Ronda’s WWE story has some overlap of material with the Wrestlemania 34 episode but goes further into the rest of her run. Rousey insists she didn’t feel worthy of being the focus of the women’s division, let alone being a champion, and was shocked when they put the RAW title on her. But she gave it her all and took the role seriously and everyone felt Ronda elevated the women’s division until a certain Becky Lynch caught fire.

At times, this feels like a typically safe WWE profile piece, but Rousey herself shows little pretension about her achievements, leaving that up to others, coming across as honest, humble, and likeable. If only they projected their voices instead of that croaky, mumbling delivery Americans do, that requires subtitles even for people with good hearing.



2019 has been the year of Becky Lynch and this chapter tells that story. The present day wrap around is the day of Wrestlemania 35 where Becky, Charlotte Flair, and Ronda Rousey became the first women to headline the show. Becky is mix of nerves and excitement but still grounded about this huge achievement.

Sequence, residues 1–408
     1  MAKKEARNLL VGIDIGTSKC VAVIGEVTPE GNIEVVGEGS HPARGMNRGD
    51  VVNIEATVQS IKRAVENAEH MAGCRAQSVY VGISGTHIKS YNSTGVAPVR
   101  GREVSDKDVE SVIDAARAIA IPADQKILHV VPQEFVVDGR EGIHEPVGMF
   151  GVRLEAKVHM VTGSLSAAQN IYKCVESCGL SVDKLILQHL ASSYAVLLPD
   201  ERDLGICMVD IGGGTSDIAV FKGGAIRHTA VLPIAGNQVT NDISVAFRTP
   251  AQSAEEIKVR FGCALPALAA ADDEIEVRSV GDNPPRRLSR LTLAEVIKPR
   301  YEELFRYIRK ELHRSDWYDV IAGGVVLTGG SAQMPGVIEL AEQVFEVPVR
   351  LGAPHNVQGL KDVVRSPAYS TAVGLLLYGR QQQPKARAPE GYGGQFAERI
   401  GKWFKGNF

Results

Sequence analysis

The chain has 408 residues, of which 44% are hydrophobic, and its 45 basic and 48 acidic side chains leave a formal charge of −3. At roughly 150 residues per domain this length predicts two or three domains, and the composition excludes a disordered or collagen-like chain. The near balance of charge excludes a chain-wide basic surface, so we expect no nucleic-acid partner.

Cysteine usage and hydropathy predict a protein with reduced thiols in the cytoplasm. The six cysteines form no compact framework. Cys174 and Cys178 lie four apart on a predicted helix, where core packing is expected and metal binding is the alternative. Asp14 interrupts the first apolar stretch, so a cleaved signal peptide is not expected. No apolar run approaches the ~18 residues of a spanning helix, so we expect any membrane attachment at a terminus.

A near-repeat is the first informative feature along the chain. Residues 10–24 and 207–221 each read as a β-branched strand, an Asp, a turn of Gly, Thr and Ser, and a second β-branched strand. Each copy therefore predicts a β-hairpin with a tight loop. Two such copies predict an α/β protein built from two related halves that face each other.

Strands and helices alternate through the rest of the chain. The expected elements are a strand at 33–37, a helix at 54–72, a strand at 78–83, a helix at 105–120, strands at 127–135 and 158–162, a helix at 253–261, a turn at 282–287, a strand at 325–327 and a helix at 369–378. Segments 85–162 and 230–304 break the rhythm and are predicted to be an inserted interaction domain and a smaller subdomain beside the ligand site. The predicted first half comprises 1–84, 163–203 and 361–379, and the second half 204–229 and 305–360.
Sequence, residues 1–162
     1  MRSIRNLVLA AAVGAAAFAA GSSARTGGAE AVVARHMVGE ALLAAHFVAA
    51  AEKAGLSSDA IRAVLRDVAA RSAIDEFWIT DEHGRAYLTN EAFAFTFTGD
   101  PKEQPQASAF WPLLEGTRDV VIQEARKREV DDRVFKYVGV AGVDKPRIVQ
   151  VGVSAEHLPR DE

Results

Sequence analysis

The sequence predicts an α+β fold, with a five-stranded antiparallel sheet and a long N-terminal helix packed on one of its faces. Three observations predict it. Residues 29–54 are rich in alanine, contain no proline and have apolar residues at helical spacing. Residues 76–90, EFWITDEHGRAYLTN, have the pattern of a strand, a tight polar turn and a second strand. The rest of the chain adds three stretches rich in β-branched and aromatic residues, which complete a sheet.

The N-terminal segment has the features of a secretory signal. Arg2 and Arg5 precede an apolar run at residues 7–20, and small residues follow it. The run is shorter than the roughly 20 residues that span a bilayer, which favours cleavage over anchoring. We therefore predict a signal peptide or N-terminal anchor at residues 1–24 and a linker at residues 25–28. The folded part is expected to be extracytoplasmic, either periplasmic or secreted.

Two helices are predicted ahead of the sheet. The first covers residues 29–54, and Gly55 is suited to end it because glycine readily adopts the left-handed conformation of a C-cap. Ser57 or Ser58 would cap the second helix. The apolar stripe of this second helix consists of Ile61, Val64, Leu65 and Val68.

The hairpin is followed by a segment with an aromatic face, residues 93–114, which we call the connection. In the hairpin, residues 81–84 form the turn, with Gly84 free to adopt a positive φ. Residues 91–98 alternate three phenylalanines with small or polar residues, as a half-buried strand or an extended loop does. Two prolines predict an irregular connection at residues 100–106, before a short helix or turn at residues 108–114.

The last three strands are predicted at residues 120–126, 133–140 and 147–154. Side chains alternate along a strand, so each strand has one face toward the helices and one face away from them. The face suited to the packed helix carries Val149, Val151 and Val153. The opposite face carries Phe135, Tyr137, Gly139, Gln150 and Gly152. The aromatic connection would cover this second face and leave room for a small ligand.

When you hear her story, it is amazing how she keeps such a level head now she is The Man. Family interviews and archive footage introduce us to Rebecca Quin, who started training aged just 15 at Fergal Devitt’s (Finn Bálor) school. She worked the European, US, Canadian and Japanese circuits as Rebecca Knox until an injury in Germany, shown here, brought that run to an abrupt end.

Seven years later the newly rechristened Becky Lynch debuted in NXT as a Riverdancing plucky Irish lass in emerald green gear which thankfully didn’t last long. High praise from Charlotte, Bayley, Natalya, and others reveal how they all felt Becky was destined to be a big star yet she was the one of the group most overlooked on the main roster. In one scene, Sasha Banks and Charlotte are presented with action figures of themselves commemorating the three-way match at Wrestlemania 33 but no Becky figure!

The tone of Becky’s own narrative is half-kayfabe, half-shoot, maybe her diplomatic way of venting candidly without ruffling feathers. Like the heel turn at Summerslam 2018 suggesting it was more Becky taking matters into her own hands rather than a tone-deaf move by management. It’s hard not to feel for a depressed and broken Becky after Nia Jax derailed her push but we all know how it turned out afterwards.  

It is arguable whether this is the most emotional entry of the four but it definitely makes the viewer feel closer and invested in Becky than before, as a real person and a great wrestler.